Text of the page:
Form 10-K
Table of Contents

UNITED STATES

SECURITIES AND EXCHANGE COMMISSION

Washington, DC 20549


FORM 10-K

 

FOR ANNUAL AND TRANSITION REPORTS PURSUANT TO SECTION 13 OR 15(d) OF THE SECURITIES EXCHANGE ACT OF 1934

 

x ANNUAL REPORT PURSUANT TO SECTION 13 OR 15(d)

OF THE SECURITIES EXCHANGE ACT OF 1934

For the fiscal year ended December 31, 2002

OR

¨ TRANSITION REPORT PURSUANT TO SECTION 13 OR 15(d)

OF THE SECURITIES EXCHANGE ACT OF 1934

For the transition period from            to            

Commission file number 1-10524

United Dominion Realty Trust, Inc.

(Exact name of registrant as specified in its charter)

 

Virginia

 

54-0857512

(State or other jurisdiction of
incorporation or organization)

 

(I.R.S. Employer
Identification No.)

1745 Shea Center Drive, Suite 200, Highlands Ranch, Colorado 80129

(Address of principal executive offices, including zip code)

(720) 283-6120

(Registrant’s telephone number, including area code)

Securities registered pursuant to Section 12(b) of the Act:

Title of each class


  

Name of exchange on which registered


Common Stock, $1 par value

  

New York Stock Exchange

Preferred Stock Purchase Rights

  

New York Stock Exchange

8.60% Series B Cumulative Redeemable Preferred Stock

  

New York Stock Exchange

8.50% Monthly Income Notes Due 2008

  

New York Stock Exchange

Securities registered pursuant to Section 12(g) of the Act: None

Indicate by check mark whether the registrant (1) has filed all reports required to be filed by Section 13 or 15 (d) of the Securities Exchange Act of 1934 during the preceding 12 months, and (2) has been subject to filing requirements for at least the past 90 days.    Yes x  No ¨

Indicate by check mark if disclosure of delinquent filers pursuant to Item 405 of Regulation S-K is not contained herein, and will not be contained, to the best of the registrant’s knowledge, in definitive proxy or other information statements incorporated by reference into Part III of this Form 10-K.    ¨

Indicate by check mark whether the registrant is an accelerated filer (as defined in Exchange Act Rule 12b-2).    Yes x  No ¨

The aggregate market value of the shares of common stock held by non-affiliates on June 28, 2002 was approximately $1.7 billion. This calculation excludes shares of common stock held by the registrant’s officers and directors and each person known by the registrant to beneficially own more than 5% of the Registrant’s outstanding shares, as such persons may be deemed to be affiliates. This determination of affiliate status should not be deemed conclusive for any other purpose. As of March 18, 2003 there were 108,792,959 shares of the registrant’s common stock outstanding.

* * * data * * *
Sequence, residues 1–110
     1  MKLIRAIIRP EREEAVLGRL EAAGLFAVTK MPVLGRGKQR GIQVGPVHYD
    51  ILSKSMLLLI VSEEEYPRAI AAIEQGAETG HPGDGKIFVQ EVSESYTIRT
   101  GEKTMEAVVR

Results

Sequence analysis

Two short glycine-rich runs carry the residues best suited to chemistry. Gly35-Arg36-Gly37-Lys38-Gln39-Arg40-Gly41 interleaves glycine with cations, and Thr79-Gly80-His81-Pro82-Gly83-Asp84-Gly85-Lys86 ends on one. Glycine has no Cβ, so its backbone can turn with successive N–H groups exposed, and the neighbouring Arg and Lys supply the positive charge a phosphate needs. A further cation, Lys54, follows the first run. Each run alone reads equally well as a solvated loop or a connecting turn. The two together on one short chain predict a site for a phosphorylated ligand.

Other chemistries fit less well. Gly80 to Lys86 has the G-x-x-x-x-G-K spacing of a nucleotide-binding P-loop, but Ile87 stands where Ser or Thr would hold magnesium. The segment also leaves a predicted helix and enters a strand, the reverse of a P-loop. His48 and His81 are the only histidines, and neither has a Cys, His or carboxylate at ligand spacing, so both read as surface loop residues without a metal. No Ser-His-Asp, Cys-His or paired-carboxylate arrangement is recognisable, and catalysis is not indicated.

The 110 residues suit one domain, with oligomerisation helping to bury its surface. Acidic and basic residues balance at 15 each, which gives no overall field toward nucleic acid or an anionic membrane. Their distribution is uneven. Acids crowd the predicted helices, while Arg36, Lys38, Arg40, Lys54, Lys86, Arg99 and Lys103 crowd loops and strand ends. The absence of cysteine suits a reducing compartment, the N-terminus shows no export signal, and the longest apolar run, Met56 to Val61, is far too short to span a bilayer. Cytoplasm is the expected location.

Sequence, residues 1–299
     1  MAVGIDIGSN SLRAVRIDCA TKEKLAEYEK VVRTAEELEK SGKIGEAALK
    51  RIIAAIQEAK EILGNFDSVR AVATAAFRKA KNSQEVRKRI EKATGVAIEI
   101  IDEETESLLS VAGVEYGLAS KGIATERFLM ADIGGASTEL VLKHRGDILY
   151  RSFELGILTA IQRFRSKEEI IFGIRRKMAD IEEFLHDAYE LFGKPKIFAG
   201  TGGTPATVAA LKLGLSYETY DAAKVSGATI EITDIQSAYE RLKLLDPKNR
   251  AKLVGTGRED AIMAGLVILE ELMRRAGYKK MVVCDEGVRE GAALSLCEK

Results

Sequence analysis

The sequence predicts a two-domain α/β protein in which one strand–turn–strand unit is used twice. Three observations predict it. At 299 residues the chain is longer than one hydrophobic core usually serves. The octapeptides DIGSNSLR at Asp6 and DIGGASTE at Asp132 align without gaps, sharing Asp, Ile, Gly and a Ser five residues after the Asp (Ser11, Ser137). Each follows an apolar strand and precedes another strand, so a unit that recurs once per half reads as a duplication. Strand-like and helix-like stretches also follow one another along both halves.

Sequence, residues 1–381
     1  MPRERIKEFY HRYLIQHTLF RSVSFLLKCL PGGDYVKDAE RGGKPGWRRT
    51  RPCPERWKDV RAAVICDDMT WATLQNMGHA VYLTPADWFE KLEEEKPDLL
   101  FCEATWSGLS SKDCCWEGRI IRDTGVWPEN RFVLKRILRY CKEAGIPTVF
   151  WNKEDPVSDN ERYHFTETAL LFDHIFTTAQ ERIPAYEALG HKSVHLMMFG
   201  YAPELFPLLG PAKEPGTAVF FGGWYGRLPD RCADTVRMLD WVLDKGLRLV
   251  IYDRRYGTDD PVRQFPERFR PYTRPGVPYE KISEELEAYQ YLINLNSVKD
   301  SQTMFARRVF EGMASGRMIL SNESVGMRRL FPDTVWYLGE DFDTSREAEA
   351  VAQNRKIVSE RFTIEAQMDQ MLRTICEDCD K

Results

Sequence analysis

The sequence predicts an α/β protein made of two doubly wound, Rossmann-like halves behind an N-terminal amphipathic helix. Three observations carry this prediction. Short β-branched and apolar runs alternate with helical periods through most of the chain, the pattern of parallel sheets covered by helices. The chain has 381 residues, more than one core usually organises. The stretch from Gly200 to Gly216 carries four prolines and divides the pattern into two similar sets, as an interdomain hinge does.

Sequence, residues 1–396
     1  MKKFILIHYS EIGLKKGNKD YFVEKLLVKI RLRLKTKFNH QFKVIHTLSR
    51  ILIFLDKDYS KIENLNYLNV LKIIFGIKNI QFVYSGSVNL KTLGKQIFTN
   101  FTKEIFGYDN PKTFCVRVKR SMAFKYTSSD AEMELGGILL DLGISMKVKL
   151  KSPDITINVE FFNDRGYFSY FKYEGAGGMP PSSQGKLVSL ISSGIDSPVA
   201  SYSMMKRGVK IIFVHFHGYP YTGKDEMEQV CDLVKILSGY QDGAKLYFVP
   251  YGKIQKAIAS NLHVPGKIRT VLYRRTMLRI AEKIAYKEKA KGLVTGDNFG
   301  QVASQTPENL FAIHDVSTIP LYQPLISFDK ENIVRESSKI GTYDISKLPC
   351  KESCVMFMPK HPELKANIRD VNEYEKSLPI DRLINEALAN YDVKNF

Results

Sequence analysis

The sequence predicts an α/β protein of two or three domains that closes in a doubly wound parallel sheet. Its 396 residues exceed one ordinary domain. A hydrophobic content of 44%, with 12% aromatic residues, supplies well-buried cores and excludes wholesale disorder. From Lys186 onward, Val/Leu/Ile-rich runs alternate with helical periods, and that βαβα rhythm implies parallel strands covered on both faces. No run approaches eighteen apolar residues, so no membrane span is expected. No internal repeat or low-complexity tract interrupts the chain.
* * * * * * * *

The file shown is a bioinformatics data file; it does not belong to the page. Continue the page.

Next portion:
DOCUMENTS INCORPORATED BY REFERENCE

The information required by Part III of this Report, to the extent not set forth herein, is incorporated by reference from the registrant’s definitive proxy statement for the Annual Meeting of Shareholders to be held on May 6, 2003.


Table of Contents

TABLE OF CONTENTS

 

         

Page


PART I.

         

Item 1.

  

Business

  

2

Item 2.

  

Properties

  

16

Item 3.

  

Legal Proceedings

  

18

Item 4.

  

Submission of Matters to a Vote of Security Holders

  

18

PART II.

         

Item 5.

  

Market for Registrant’s Common Equity and Related Stockholder Matters

  

18

Item 6.

  

Selected Financial Data

  

19

Item 7.

  

Management’s Discussion and Analysis of Financial Condition and Results of Operations

  

21

Item 7A.

  

Quantitative and Qualitative Disclosures about Market Risk

  

34

Item 8.

  

Financial Statements and Supplementary Data

  

35

Item 9.

  

Changes in and Disagreements with Accountants on Accounting and Financial Disclosure

  

35

PART III.

         

Item 10.

  

Directors and Executive Officers of the Registrant

  

35

Item 11.

  

Executive Compensation

  

35

Item 12.

  

Security Ownership of Certain Beneficial Owners and Management and Related Stockholder Matters

  

35

Item 13.

  

Certain Relationships and Related Transactions

  

35

Item 14.

  

Controls and Procedures

  

35

PART IV.

         

Item 15.

  

Exhibits, Financial Statement Schedules, and Reports on Form 8-K

  

36


Table of Contents

PART I

 

Item 1.    BUSINESS

 

General

 

United Dominion Realty Trust, Inc. is a self-administered equity real estate investment trust, or REIT, that owns, acquires, renovates, develops, and manages middle-market apartment communities nationwide. At December 31, 2002, our apartment portfolio included 260 communities located in 57 markets, with a total of 74,480 completed apartment homes. In addition, we had 616 apartment homes under development.